Pricketts Fort was built on the land of Jacob Prickett in 1774, during what is known as Lord Dunmore's War. It provided sanctuary for local settlers before and during the American Revolution and was a safe haven from the attacks of American Indians until the Battle of Fallen Timbers in 1794. Constructed by local militia on a small rise near the confluence of Pricketts Creek and the Monongahela River, Pricketts Fort provided refuge for approximately 80 families. The fort itself was large by 18th-century standards. It had blockhouses at each corner, with walls 12 feet high and 110 feet long. Although the fort was never attacked, many outlying homes were, and a number of settlers lost their lives. Today, Pricketts Fort hosts visitors looking to learn more about day-to-day life on the western Virginian frontier.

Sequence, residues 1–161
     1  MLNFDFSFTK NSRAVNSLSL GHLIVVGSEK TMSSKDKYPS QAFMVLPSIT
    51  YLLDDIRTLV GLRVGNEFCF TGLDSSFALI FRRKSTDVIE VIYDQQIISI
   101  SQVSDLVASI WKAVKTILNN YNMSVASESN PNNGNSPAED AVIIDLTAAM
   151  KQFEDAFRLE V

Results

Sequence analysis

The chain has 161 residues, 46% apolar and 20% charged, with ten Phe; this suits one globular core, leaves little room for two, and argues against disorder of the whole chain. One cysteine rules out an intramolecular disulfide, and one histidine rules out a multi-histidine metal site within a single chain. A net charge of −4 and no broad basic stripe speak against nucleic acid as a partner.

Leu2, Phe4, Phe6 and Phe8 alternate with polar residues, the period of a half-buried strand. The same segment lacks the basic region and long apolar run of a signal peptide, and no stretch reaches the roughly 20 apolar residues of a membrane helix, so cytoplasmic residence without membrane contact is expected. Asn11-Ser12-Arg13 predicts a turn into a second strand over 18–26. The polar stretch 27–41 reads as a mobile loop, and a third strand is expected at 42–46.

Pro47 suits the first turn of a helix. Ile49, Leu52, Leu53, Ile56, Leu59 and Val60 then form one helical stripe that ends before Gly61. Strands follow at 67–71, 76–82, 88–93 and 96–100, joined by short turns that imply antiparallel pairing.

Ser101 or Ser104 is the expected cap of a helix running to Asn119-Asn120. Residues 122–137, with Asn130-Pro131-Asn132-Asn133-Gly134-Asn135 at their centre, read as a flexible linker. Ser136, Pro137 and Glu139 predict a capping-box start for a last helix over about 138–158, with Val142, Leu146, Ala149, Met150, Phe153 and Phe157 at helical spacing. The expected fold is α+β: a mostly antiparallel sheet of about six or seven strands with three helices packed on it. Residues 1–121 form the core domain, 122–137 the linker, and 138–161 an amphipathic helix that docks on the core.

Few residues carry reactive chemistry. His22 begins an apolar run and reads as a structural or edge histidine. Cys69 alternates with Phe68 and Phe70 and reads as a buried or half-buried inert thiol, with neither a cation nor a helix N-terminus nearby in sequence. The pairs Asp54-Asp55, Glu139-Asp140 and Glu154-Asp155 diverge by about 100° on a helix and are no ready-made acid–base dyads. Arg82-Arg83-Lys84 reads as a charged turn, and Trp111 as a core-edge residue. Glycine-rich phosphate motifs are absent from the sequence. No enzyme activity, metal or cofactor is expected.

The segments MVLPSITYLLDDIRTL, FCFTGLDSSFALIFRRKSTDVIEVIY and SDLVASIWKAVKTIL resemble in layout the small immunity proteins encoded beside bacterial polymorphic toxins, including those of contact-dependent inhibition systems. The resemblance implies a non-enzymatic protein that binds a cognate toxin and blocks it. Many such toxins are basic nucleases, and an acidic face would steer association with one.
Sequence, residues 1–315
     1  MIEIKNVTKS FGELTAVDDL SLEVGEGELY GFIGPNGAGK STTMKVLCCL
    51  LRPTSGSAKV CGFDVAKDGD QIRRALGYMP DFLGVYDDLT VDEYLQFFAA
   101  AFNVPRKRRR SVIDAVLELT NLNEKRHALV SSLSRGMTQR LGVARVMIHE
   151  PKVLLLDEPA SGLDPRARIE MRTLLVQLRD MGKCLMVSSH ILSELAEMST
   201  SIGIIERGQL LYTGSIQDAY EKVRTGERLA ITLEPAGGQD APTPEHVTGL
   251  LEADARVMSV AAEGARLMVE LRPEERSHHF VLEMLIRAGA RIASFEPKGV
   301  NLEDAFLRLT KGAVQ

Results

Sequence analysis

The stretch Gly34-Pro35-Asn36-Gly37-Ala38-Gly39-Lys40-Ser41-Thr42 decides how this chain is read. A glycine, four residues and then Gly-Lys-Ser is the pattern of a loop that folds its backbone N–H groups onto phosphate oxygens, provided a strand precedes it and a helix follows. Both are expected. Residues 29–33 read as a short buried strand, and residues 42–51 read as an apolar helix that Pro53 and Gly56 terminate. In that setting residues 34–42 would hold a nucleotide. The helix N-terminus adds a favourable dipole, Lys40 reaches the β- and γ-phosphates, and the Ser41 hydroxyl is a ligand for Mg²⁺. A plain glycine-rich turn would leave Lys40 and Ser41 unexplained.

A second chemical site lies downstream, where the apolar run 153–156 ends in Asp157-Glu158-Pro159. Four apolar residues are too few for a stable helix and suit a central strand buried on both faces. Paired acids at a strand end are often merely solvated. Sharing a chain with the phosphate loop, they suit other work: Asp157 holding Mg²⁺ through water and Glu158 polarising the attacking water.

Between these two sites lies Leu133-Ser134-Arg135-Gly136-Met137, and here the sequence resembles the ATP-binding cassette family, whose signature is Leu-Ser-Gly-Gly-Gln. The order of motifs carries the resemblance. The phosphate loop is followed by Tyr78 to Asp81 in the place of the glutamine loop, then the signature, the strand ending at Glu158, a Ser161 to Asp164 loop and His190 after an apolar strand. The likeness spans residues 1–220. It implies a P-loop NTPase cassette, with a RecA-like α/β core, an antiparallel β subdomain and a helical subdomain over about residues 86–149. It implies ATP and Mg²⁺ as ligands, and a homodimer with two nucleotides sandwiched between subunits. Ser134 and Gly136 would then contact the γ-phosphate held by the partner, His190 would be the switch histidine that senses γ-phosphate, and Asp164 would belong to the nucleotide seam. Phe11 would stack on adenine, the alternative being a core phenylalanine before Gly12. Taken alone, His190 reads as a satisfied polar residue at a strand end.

About the Author
Greg Bray became associated with Pricketts Fort at the age of 12, when the fort was reconstructed in 1976. In 1982, he became a volunteer, and in 1994, he started as the resident blacksmith for the historical fort. In 2001, Bray was named assistant director, responsible for the day-to-day operations in the historical area. He is currently the executive director of the Pricketts Fort Memorial Foundation. The photographs in this book are provided by the foundation.